[17] Teresia Teaiwa, “Globalizing and Gendered Forces: The Contemporary Militarization of Pacific/Oceania” in Kathy Ferguson and Monique Mironesco, eds., Gender and Globalization in Asia and the Pacific: Method, Practice, Theory (Honolulu: University of Hawai‘i Press, 2008).

[18] Anne McClintock, “Paranoid Empire: Specters from Guantanamo and Abu Ghraib,” Small Axe 13:1 (2009).

[19] Roderick Ferguson, The Reorder of Things: The University and Its Pedagogies of Minority Difference (Minneapolis: University of Minnesota Press, 2012).

[20] Mire Koikari, Cold War Encounters in US-Occupied Okinawa: Women, Militarized Domesticity, and Transnationalism in East Asia (Cambridge: Cambridge University Press, 2015).

[21] Elaine Tyler May, Homeward Bound: American Families in the Cold War Era (New York: Basic Books, 1988); Laura McEnaney, Civil Defense Begins at Home: Militarization Meets Everyday Life in the Fifties (Princeton: Princeton University Press, 2000); Joanne Meyerowitz, ed., Not June Cleaver: Women and Gender in Postwar America, 1945–1960 (Philadelphia: Temple University Press, 1994).

[22] Mary Dudziak, Cold War Civil Rights: Race and the Image of American Democracy (Princeton: Princeton University Press, 2000); Penny Von Eschen, Race against Empire: Black Americans and Anticolonialism, 1937–1957 (Ithaca: Cornell University Press, 1997); Christina Klein, Cold War Orientalism: Asia in the Middlebrow Imagination, 1945–1961 (Berkeley: University of California Press, 2003);  Robert Haddow, Pavilions of Plenty: Exhibiting American Culture Abroad in the 1950s (Washington, D.C.: Smithsonian Institution Press, 1997); Ruth Oldenziel and Karin Zachmann, eds., Cold War Kitchen: Americanization, Technology, and European Users (Cambridge: The MIT Press, 2009).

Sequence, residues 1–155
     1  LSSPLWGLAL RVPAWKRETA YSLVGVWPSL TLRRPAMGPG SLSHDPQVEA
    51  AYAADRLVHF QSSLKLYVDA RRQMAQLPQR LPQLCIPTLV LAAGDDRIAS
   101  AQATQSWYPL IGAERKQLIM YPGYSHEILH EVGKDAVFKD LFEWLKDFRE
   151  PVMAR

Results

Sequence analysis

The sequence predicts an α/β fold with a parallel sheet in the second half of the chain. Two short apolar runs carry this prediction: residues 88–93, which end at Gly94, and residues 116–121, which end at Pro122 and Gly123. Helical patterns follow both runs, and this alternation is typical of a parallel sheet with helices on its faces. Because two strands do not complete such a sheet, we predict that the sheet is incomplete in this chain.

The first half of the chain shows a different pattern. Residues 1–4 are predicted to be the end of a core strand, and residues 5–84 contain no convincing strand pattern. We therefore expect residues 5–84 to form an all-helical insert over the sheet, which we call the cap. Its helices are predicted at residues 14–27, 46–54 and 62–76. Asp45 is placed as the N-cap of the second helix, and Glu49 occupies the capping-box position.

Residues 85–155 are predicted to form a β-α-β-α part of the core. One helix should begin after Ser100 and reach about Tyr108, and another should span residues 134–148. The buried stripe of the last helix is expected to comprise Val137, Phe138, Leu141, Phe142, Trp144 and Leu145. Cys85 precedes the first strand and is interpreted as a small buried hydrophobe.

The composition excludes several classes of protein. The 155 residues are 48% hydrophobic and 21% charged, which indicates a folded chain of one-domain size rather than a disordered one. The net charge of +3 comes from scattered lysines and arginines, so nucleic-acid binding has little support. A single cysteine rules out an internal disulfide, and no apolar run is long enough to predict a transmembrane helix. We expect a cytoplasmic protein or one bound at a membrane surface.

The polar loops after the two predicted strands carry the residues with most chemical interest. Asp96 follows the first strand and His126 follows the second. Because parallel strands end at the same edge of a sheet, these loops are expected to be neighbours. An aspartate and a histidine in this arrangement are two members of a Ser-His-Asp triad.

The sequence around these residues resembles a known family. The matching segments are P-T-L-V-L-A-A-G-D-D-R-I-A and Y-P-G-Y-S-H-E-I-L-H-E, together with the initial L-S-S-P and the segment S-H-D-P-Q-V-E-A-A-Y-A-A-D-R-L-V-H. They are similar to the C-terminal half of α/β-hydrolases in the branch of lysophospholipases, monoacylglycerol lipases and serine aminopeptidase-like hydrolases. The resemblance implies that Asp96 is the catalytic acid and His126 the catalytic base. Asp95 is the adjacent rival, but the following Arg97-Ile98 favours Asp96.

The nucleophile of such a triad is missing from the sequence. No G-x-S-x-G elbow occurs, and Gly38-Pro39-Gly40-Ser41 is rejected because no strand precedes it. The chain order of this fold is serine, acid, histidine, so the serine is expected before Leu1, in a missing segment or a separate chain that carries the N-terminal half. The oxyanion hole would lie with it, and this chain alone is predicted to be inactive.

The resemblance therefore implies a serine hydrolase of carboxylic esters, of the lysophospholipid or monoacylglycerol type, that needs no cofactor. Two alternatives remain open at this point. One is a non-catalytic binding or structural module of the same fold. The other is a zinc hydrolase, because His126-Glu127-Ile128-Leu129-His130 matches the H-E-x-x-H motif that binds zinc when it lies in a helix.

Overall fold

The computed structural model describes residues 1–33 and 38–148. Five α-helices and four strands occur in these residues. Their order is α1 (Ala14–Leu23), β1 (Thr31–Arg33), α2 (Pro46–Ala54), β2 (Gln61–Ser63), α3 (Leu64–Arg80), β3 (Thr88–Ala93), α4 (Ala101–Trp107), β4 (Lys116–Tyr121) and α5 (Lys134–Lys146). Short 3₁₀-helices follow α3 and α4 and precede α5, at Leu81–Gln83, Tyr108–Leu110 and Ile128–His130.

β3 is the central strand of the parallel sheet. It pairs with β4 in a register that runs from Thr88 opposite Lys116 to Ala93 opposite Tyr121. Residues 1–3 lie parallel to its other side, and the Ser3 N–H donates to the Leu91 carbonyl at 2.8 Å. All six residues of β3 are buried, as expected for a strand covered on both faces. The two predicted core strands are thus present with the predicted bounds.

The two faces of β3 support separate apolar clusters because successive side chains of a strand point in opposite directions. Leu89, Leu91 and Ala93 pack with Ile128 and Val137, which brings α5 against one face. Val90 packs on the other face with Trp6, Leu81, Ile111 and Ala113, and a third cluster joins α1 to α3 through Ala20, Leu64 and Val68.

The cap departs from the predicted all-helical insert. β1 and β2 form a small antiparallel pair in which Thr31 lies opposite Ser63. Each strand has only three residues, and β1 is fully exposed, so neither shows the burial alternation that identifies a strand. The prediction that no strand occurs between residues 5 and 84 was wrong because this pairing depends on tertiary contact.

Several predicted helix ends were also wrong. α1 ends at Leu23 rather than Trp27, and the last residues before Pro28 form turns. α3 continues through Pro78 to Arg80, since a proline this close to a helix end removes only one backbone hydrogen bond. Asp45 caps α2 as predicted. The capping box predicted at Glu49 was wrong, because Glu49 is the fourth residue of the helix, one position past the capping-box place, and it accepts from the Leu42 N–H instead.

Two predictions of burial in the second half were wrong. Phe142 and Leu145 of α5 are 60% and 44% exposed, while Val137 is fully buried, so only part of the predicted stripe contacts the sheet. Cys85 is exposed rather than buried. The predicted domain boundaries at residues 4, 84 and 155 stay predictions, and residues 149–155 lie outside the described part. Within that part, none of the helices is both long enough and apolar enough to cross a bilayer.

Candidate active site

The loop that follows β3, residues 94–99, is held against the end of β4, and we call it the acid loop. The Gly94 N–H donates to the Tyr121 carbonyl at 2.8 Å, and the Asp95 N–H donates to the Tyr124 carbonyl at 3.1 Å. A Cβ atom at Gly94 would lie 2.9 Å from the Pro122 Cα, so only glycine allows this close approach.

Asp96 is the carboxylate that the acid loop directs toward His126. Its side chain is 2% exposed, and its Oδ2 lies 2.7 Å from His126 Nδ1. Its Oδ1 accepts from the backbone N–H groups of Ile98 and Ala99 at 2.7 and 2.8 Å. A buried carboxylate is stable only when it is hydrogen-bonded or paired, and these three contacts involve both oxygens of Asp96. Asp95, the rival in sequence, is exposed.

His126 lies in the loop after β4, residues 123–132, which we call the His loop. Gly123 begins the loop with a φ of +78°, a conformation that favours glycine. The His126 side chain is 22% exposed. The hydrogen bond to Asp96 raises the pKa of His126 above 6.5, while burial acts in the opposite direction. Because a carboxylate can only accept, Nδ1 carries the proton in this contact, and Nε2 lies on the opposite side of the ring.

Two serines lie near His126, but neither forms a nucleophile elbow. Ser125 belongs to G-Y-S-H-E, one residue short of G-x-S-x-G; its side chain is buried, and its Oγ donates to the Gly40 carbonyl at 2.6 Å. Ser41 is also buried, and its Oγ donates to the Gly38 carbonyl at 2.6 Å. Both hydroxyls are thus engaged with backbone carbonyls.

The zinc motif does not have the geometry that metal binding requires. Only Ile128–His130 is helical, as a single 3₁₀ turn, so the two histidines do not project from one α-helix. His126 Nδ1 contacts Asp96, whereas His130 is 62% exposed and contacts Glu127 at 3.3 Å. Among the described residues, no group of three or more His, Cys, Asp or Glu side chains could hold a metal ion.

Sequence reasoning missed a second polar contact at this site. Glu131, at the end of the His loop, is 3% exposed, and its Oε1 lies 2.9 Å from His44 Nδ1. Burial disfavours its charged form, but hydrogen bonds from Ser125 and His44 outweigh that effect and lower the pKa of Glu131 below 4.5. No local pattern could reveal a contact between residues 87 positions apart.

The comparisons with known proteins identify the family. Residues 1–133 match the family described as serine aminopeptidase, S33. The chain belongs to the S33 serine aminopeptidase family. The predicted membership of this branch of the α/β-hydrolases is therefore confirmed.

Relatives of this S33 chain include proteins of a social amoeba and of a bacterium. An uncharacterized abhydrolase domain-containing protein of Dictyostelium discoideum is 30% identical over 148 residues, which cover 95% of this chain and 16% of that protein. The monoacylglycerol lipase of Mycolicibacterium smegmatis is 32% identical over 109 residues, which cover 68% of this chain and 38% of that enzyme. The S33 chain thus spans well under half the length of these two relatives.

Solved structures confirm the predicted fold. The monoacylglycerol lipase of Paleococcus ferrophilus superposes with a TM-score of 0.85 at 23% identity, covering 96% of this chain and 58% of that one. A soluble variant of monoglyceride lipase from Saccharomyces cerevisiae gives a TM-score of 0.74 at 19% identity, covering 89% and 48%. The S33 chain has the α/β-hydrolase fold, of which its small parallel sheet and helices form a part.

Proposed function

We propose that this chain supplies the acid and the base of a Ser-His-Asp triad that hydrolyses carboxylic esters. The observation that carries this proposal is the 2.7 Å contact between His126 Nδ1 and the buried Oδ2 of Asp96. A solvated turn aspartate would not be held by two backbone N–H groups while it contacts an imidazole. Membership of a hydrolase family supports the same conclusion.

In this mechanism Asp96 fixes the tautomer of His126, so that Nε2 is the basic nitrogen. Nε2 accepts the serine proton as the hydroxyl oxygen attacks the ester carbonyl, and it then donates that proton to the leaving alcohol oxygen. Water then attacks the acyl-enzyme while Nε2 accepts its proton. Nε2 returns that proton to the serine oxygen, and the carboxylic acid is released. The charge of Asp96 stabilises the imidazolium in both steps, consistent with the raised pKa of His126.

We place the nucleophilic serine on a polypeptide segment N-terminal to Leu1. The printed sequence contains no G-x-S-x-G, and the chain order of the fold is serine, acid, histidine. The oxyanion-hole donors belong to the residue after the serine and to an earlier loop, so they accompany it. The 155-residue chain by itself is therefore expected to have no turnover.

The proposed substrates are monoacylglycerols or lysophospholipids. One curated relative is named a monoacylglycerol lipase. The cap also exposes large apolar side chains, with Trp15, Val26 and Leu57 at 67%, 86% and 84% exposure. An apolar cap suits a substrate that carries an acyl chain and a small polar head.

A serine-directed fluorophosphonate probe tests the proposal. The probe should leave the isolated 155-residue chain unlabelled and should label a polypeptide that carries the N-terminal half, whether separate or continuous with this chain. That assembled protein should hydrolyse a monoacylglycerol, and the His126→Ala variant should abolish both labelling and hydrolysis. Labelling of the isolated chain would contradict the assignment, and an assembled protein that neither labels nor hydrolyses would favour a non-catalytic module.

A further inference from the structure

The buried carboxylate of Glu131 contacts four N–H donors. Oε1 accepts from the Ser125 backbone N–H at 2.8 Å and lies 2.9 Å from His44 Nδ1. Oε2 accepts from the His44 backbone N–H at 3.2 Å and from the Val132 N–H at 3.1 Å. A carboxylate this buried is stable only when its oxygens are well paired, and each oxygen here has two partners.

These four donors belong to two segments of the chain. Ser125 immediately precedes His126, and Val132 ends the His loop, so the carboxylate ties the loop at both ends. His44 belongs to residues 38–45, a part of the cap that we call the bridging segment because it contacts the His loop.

[23] Amy Kaplan, The Anarchy of Empire in the Making of U.S. Culture (Cambridge: Harvard University Press, 2002).

[24] James Vernon, “The Ethics of Hunger and the Assembly of Society: The Techno-Politics of the School Meal in Modern Britain,” American Historical Review 110:3 (2005), 696.

[25] For the web version of Histreet, see Web Histreet – Okinawa City Postwar Data Digital Archive, www.histreet.okinawa.jp/histreet/FAA10/init?locale=en_US#gsc.tab=0 (accessed June 25, 2021).

[26] Mire Koikari, Gender, Culture, and Disaster in Post-3.11 Japan (London: Bloomsbury Publishing, 2020).

[27] Catherine Rottenberg, The Rise of Neoliberal Feminism (Oxford: Oxford University Press, 2018); Nancy Fraser, Fortunes of Feminism: From State-Managed Capitalism to Neoliberal Crisis (New York: Verso, 2013); Angela McRobbie, Feminism and the Politics of Resilience: Essays on Gender, Media and the End of Welfare (Cambridge: Polity, 2020); Inderpal Grewal, Saving the Security State: Exceptional Citizens in Twenty-First-Century America (Durham: Duke University Press, 2017); Michaele Ferguson and Lori Marso, eds., W Stands for Women: How the George W. Bush Presidency Shaped a New Politics of Gender (Durham: Duke University Press, 2007).

[28] Mire Koikari, Webinar Lecture, “Godzilla, KonMari, Hula Girls: Building Resilience in Post-3.11 and Beyond,” www.youtube.com/watch?v=ZYOdHZKTJA8 (accessed June 30, 2021).

[29] Ileana Diaz and Alison Mountz, “Intensifying Fissures: Geopolitics, Nationalism, Militarism, and the US Response to the Novel Coronavirus,” Geopolitics 25:5 (2020).

[30] Podcast, “Who Killed George Floyd?  (with Patricia Jones Blessman, Tasha Green Cruzat, T. Mychael Rambo, Roderick Ferguson, Pamela Alexander, and George Woods),” Ms. Magazine, April 19, 2021, https://msmagazine.com/podcast/31-who-killed-george-floyd-with-dr-patricia-jones-blessman-tasha-green-cruzat-t-mychael-rambo-roderick-ferguson-pamela-alexander-and-dr-george-woods/ (accessed June 30, 2021).

[31] Viet Thanh Nguyen, “From Colonialism to Covid: Viet Thanh Nguyen on the Rise of Anti-Asian Violence,” The Guardian, April 3, 2021, www.theguardian.com/books/2021/apr/03/from-colonialism-to-covid-viet-thanh-nguyen-on-the-rise-of-anti-asian-violence (accessed June 30, 2021).